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Column: Demorest was once a hotbed for prohibition
Johnny_Vardeman
Johnny Vardeman

Demorest in Habersham County remains a relatively quiet town nestled between the county seat of Clarkesville and bustling Cornelia.

Not that Demorest isn’t buzzing itself, home of prestigious Piedmont College, Habersham Medical Center, the late baseball great Johnny Mize and numerous cultural amenities. The city advertises its Fourth of July celebration as the longest running of its kind.

It’s curious the way the place was founded in 1889. Some out-of-staters came to Habersham County to organize a community with the highest moral standards. Those new citizens wanted people to forfeit their property if they allowed drinking of alcohol, gambling or prostitution. Demorest became a hotbed of prohibitionists.

The name of the town itself came from one of the nation’s foremost prohibitionists, W. Jennings Demorest. A successful New York businessman and publisher, he became widely known for his philanthropy, business acumen and especially his unflagging opposition to alcoholic beverages.

That’s why those early citizens of the town named their place Demorest. While he remained a New Yorker, Demorest came to Demorest during a chautauqua event in his honor in 1890. Chautauquas were gatherings of people to hear speakers, music and various other cultural offerings.

W.J. Demorest was president and treasurer of the national Prohibition Party. He published a monthly magazine that was circulated nationally and was eagerly read by prohibitionists of the day.

They called it Demorest Day when Mr. Demorest came to speak during the chautauqua. He fired up the crowd, telling them that the “liquor traffic” cost the country $16 billion a year. He decried “the licensed saloon that desecrates the home.” The Prohibition Party, he continued, “is the only political party that is pledged to stamp out this iniquity of our time, this vampire of civilization that lives only as it destroys the best and brightest of our young men. … Nothing short of prohibition will save our country.”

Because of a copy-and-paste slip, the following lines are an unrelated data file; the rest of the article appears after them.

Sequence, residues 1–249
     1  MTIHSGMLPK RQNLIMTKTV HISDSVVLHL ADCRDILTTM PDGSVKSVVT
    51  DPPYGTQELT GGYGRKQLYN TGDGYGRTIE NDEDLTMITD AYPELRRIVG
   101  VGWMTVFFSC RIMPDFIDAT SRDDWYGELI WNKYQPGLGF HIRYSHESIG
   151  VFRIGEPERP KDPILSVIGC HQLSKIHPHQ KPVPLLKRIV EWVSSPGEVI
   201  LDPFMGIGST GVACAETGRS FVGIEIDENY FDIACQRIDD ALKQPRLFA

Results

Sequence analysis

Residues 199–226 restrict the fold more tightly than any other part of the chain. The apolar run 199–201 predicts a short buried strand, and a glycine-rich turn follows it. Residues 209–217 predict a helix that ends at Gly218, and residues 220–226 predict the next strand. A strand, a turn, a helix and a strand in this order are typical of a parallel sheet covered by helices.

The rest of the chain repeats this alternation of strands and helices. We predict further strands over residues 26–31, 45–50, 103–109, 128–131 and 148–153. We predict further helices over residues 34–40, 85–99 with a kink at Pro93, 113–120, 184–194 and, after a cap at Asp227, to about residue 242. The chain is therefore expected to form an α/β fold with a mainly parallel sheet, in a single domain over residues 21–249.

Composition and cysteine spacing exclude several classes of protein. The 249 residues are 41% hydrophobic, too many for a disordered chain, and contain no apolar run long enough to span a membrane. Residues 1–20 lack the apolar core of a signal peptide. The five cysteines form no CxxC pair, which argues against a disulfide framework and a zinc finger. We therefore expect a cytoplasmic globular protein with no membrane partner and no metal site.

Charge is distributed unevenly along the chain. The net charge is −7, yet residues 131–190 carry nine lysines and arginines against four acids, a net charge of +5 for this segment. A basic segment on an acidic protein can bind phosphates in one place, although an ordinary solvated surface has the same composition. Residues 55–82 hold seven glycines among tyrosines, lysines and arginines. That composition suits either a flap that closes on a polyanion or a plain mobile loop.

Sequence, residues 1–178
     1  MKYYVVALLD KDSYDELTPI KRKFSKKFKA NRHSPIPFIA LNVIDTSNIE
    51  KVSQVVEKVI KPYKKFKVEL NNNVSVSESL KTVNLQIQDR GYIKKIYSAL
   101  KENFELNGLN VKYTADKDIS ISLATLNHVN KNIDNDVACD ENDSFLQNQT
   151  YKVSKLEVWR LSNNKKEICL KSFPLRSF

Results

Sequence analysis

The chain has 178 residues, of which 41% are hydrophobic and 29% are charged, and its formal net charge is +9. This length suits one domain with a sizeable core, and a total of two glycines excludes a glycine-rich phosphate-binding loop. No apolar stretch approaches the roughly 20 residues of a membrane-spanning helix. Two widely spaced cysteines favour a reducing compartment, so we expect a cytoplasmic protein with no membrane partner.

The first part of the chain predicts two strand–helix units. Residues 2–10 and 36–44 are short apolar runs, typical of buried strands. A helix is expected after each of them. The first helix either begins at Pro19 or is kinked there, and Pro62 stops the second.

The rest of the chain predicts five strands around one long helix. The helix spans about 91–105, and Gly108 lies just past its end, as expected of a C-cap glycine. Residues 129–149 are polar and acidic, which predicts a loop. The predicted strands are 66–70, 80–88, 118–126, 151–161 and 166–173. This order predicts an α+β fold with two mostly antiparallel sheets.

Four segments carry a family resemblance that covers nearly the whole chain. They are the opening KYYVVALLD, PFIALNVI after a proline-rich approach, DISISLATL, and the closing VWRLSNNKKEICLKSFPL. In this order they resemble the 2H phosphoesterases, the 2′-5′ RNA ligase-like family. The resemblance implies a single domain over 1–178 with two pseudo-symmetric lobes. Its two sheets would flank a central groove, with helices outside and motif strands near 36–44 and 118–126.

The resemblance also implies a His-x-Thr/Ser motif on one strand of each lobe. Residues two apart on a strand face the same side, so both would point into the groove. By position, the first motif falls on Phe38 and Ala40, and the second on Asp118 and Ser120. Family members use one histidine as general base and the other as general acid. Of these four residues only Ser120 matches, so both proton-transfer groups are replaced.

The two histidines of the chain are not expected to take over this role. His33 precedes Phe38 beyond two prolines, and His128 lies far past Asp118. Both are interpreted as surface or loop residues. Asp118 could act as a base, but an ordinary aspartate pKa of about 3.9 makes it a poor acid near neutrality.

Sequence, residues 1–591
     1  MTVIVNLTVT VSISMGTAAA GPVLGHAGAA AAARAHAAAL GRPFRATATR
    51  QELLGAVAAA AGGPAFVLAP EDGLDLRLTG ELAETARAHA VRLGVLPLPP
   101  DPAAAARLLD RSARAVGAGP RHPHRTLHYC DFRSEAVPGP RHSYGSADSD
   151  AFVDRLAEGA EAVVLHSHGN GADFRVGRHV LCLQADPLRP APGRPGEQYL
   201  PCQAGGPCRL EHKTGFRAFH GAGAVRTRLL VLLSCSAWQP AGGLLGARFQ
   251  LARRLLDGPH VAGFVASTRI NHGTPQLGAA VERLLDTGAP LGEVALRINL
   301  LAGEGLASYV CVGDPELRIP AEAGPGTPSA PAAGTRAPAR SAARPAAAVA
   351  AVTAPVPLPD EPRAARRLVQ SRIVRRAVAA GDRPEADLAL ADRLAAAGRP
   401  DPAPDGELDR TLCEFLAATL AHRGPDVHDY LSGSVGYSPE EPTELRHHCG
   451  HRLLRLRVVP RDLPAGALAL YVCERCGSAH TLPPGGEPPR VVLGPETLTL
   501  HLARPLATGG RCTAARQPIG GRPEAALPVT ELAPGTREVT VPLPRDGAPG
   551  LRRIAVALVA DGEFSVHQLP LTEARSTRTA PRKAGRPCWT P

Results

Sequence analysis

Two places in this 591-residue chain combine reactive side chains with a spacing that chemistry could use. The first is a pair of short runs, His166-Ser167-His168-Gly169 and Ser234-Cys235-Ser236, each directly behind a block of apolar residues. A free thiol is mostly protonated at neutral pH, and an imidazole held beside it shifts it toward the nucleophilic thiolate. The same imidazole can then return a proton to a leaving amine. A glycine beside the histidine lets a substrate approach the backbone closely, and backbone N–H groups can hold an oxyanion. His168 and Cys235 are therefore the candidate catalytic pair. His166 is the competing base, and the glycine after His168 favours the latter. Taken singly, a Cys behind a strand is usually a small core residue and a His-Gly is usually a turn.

Besides his campaign against alcoholic beverages, Jennings became known for the valued medals he presented young people in declamation competitions. He awarded some during his Demorest visit.

Demorest’s second wife Ellen became well known, too. She found her place in the business world as a fashion expert and designed paper patterns for making dresses. She also made a speech supporting prohibition during Demorest Day.

Demorest Times

The fledgling town of Demorest had its own newspaper early on, the Demorest Times, published in the 1890s. W.A. Fowler was its editor. 

The newspaper enthusiastically supported the prohibition movement. It couldn’t say enough about W. Jennings Demorest when he came to town in the fall of 1890. It bent over backward to laud his work, printing apparently every word of his speeches.

The paper advertised itself as “the only paper printed in Habersham County.” That might have been the case, but the Habersham County Grand Jury of the time didn’t recognize it. In its presentments, the grand jury recommended its proceedings be published in the Clarkesville Advertiser, the Toccoa News and the Northeast Georgian of Cornelia.

Incensed, the Demorest Times editor wrote, “It seems queer that a set of men supposed to know as much as the grand jury did not know that the News and the Advertiser were dead and have been for some time. There is only one newspaper in this county — the Demorest Times.”

Helen Longstreet

An interesting note in that early Demorest Times newspaper was about Ellen Dortch, later to become Helen Longstreet, wife of Confederate Gen. James Longstreet. The paper wrote in 1894 that “Ellen Dortch wants to be Gov. Atkinson’s secretary. We hope she will get the appointment; no doubt she will fill the position as well as any man and probably a great deal better.”

She had become friends with Gov. W.Y. Atkinson while she was publishing a newspaper in Milledgeville. With his help, she promoted the founding of Georgia Normal and Industrial College, later to become Georgia State College for Women (GSCW), now simply Georgia College.

Ellen Dortch did become the governor’s secretary, which led to her becoming the first woman to hold statewide office in Georgia as assistant state librarian.


Johnny Vardeman is retired editor of The Times. He can be reached at 2183 Pine Tree Circle NE, Gainesville, GA 30501; 770-532-2326; or johnnyvardeman@gmail.com. His column publishes weekly.